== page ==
Doctors, nurses, and other healthcare professionals must devote all of their time to diagnosing and treating the sick and injured. However, for their practices and medical facilities to succeed, professionals must also manage the paperwork, budgets, and customer service issues that come with any organization. The people who take care of these administrative issues are called healthcare administrators. For them to succeed, they require education specific to their careers. Listed below you will find some of the specialized areas for healthcare administrators.
Medical assistants help out in the offices of doctors and other healthcare practitioners. Their duties vary by office. In some, they may work exclusively on clerical tasks such as making appointments, filing out insurance forms, and processing customer records. In others, they may have some medical duties such as measuring vital signs or helping with patient examinations. In many states, the only educational prerequisite is a high-school diploma, according to the U.S. Bureau of Labor Statistics (BLS). A few employers prefer a one-year diploma from vocational or technical schools. Others require a two-year associate degrees from a community college. The formal education combines training in office skills with lessons in anatomy and medical terminology. Medical assistants also typically receive on-the-job training from more experienced assistants, healthcare administrators, or medical professionals. Opportunities for medical assistants will grow by 31 percent from 2010 to 2020, according to the BLS. This is more than double the 14 percent increases expected for all other profession. The aging of America is the primary reason. Older individuals need more medical care, which will need administering by assistants.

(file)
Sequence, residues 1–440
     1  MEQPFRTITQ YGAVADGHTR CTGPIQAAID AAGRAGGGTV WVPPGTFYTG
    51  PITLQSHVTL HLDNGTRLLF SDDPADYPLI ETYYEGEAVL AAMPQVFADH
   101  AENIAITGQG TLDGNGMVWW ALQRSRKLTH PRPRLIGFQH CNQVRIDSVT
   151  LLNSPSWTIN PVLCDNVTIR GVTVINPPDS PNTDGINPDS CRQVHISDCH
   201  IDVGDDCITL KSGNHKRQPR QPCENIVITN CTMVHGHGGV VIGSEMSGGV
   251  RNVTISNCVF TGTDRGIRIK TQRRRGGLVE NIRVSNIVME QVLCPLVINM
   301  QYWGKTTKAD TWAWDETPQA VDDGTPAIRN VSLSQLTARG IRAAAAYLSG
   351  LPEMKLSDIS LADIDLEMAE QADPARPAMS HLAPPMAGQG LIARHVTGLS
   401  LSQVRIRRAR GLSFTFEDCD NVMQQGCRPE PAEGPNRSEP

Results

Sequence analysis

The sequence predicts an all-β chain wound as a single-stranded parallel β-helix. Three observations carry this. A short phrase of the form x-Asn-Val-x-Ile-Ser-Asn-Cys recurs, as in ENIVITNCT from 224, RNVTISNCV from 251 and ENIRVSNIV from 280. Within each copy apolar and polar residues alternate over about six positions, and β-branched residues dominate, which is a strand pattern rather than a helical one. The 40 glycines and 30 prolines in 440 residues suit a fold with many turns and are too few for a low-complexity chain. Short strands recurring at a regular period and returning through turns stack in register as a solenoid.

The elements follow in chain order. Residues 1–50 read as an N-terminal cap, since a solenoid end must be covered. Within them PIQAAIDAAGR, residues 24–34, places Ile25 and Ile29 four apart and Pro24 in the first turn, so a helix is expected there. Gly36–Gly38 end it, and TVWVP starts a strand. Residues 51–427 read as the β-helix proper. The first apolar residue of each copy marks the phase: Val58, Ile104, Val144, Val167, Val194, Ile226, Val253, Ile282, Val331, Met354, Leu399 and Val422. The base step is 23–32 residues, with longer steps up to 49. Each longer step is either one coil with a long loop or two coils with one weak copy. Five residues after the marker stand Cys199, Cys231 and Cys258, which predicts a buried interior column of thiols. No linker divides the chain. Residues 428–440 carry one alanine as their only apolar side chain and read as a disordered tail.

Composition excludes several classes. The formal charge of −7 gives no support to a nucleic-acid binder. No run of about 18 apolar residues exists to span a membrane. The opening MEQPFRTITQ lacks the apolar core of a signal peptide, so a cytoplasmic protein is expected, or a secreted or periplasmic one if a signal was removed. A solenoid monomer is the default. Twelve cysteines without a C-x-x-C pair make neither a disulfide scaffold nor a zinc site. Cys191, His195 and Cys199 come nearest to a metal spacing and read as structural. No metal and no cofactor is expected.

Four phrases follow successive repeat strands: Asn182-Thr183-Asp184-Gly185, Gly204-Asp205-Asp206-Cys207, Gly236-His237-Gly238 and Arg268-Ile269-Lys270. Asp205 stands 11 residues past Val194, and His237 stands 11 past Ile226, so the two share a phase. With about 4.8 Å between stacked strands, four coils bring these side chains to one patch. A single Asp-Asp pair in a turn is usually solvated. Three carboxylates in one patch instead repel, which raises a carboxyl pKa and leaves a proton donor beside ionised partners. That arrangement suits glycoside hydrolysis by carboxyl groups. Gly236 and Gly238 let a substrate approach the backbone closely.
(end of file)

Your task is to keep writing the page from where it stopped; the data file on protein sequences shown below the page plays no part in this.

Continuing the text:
Health Services Managers
Also known as medical services managers or healthcare administrators, these professionals handle the non-medical side of healthcare practices and facilities. They create budgets, coordinate services, meet with healthcare practitioners, and supervise medical assistants, secretaries and clerks. The job typically requires a bachelor's degree in health administration, states the BLS. These programs of study include subjects in accounting, human resources administration, law and ethics, health information systems, and hospital organization and management. Large facilities, such as hospitals, may prefer managers with master's degrees in health services, long-term care administration, public health, or business administration. Whatever their educational background, health services managers do not enter their positions right out of school. They typically start as assistants working under the supervision of experienced managers. Then they need several years of increasingly responsible experience in larger practices and departments. Some eventually progress to the head of hospitals or healthcare organizations. All states specify licensing for healthcare administrators in nursing cares. A few also demand licensing for administrators in assisted-living facilities. Either credential usually mandates a bachelor's degree, passing an exam, and finishing a training program approved by their state. The BLS sees jobs for health services managers increasing by 22 percent, also because of the aging population. Much of the growth will be in the offices of health practitioners since many medical services are shifting from hospitals to doctors' offices.
The simplest rule to remember for landing a job in healthcare administration is that the bigger the office and the greater the area of responsibility, then the higher the educational degree that is required. This allows individuals who may be interested in the field to try it out working in a doctor's office after high school. They can progress to more time-involving degrees as they gain more interest in a career.